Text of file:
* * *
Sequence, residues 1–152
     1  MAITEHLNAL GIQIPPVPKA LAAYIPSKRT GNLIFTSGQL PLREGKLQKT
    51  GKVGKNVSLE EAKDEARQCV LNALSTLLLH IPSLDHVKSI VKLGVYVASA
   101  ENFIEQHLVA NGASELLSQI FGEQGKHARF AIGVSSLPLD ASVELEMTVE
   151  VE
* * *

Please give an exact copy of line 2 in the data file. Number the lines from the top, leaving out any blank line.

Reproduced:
     1  MAITEHLNAL GIQIPPVPKA LAAYIPSKRT GNLIFTSGQL PLREGKLQKT